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S&W M-669
Length overall Barrel Length Weight  Caliber Action Type Magazine Capacity
6.875 inches 3.5 inches 26oz 9mm D.A. auto 12 (15-30 available)
         This is a shortened version of Smith and Wesson's venerable x9 series of high capacity, "wonder 9", automatics.  This model was designed for back up use, or concealed carry, and was thus shortened in both directions. The shortened butt, gives this gun a designed magazine capacity of 12 rounds, though it will take any of the 59 series of magazines, including the standard 15 round mags designed for the full sized versions, and extended magazines holding up to 30 rounds. Naturally, the newer versions of the sedreies, produced during the clinton ban, came equipped with the then new government mandated 10 round mag, which had been deemed civilian safe. Happily, the ban is over, though some backward states still have their own versions in place. The shorter magazines have a finger extension, and the gun is equipped with a magazine safety, rendering it incapable of being fired with the magazine removed. In addition to the shortened butt, the slide and barrel are cut down, and the hammer is bobbed to prevent it's snagging on clothing, during a draw from a concealed carry. Unlike many bobbed hammer guns, the 669 is capable of single action firing, as well as having a double action trigger system. The bobbed hammer is serrated, and can be manually cocked by first pulling the trigger, until the hammer has reached the half cock notch of the sear. This is the same gun as the model 469, except for the stainless slide. The stainless steel construction enhances it's deep cover role, and greatly adds to the durability of the gun. The size, caliber, capacity, and stainless steel slide would seem to make this an ideal kit gun, or knock around utility pistol. The frame is silver anodized alloy, finished in a manner similar to that of the stainless slide. This gun was made until 1988, when it was replaced by the model 6906, which is essentially the same gun, with a single piece grip, a cosmetic change in the safety, and three dot sights.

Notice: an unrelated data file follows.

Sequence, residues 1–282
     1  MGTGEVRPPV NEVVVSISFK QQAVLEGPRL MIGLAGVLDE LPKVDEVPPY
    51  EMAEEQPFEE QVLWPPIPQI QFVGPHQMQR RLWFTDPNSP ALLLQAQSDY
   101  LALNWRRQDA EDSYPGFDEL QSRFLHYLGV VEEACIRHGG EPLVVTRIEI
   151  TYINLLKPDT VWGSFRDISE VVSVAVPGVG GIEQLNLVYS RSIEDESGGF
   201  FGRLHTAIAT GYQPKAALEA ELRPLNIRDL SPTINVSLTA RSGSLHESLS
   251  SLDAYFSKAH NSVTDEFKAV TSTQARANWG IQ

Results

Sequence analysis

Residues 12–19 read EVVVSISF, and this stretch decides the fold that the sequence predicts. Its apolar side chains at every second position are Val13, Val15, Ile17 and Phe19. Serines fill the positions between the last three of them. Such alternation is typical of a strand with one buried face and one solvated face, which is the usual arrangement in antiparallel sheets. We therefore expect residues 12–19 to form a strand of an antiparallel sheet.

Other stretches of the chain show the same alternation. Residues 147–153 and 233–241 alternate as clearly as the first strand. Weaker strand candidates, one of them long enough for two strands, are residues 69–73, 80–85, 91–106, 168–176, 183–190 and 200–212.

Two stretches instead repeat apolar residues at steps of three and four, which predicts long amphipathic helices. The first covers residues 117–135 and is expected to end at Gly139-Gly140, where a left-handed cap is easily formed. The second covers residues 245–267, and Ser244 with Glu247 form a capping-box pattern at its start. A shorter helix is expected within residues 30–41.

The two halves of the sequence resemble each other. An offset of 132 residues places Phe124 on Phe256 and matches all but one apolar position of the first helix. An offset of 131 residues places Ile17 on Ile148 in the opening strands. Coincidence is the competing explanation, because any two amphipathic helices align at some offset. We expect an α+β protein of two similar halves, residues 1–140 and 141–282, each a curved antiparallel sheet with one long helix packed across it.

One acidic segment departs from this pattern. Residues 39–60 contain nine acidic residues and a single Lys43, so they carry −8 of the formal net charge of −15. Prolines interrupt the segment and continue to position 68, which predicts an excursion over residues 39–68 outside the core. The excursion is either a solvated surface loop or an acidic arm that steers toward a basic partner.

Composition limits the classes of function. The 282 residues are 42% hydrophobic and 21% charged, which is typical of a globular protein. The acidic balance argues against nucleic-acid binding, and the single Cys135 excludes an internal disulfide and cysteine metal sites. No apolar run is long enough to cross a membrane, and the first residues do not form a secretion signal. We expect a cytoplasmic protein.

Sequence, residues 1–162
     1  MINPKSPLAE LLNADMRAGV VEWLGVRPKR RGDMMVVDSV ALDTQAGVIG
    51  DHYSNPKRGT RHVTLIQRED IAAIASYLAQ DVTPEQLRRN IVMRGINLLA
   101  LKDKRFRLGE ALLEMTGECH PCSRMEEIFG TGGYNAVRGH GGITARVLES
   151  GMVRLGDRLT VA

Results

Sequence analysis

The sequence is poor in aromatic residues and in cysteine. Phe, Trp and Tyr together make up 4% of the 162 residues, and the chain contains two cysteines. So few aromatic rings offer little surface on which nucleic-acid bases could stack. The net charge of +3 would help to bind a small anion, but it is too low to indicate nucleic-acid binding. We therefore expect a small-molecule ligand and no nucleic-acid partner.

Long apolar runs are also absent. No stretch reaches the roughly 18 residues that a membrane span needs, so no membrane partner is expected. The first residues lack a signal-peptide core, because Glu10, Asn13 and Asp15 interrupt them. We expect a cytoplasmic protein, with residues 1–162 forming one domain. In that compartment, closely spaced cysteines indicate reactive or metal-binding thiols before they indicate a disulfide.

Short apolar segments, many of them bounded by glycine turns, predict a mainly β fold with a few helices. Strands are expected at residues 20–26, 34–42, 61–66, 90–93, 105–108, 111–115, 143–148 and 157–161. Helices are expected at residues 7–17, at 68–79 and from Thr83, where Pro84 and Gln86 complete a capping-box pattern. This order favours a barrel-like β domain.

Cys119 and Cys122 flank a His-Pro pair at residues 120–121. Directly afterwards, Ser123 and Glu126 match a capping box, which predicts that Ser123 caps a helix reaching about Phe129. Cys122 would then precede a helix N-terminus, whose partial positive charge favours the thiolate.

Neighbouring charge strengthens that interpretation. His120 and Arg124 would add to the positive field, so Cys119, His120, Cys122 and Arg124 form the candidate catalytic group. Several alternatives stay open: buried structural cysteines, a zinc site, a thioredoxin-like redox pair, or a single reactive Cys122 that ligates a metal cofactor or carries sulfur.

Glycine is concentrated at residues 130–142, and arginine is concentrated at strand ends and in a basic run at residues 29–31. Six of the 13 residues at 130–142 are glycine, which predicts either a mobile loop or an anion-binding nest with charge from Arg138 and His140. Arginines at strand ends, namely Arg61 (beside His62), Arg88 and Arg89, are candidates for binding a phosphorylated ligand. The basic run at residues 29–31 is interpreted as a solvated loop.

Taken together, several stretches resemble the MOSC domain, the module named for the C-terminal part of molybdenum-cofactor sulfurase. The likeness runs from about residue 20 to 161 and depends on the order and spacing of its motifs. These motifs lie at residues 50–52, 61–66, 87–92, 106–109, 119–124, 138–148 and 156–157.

The original S&W model 59 was introduced in 1973. I bought one in 1978, when it was still considered a cutting edge weapon. These pistols had double column magazines which held 15 rounds, a double action trigger, and an alloy frame. This was heady stuff back in the seventies. On the other hand, these guns had poor sights, terrible handling qualities, dismal triggers, and a strange anodized black finish on their new fangled aluminum frames. I needed to sell my M-59, about seven years after I bought it, and I had not owned a S&W automatic for years. The Smith auto has come a long way since that first model. The aesthetics, and ergonomics of the newer guns are considerably improved. The gun feels much better in the hand, thanks to the three piece, wraparound grips, and seems to point better. The newer, one piece grips are said to be even better. The sights are greatly improved over the originals, and are set atop a flat milled slide. There are some points in common though. I have a number of old 15 round magazines from my model 59; these function in the newer gun perfectly, though they stick out of the bottom a bit. The slide mounted safety is unchanged, decocking the gun when it is applied, and making "cocked, and locked" carry impossible. This S&W decocker works in the opposite direction of the Colt safety (down is safe on the Smith). The trigger pull is smoother than it was on the older gun, but still very familiar, with the creep that I have come to associate with all double action auto triggers.
    This gun was purchased at a local show, as a companion to my Marlin Camp Gun. The Marlin is now discontinued, which is a shame. The Marlin will take the same magazines as the 669 and the rest of the 9mm Smiths. It will even take the shorter 12 round magazines.  In addition to this, there are now readily available, extended box type magazines which will hold as many as 30 rounds.
    The photo to the left shows the 669, loaded with an extended 30 round magazine. The magazine works, and feeds reliably, though it is a bit cumbersome. Actually, this is a pretty silly magazine to use in a pistol. It is a bit more suited to carbine use. These extended magazines are cheap and popular, probably as a reaction to the ten years of the clinton magazine ban. Needless to say, the gun is very awkward to holster, with this magazine in place. Still, if you think that this looks silly, scroll down to the bottom of the page, to see something even sillier.
     The M-669 is accurate enough, and I can shoot into about 3" with it at the pistol range. This is not great, but it may be me, rather than the gun, as I am not all that familiar with it yet. This is one of the few stainless guns I have. Though I presently favor my Glocks, and my Para-Ordnance pistols, this gun practically insists on being my household defense gun.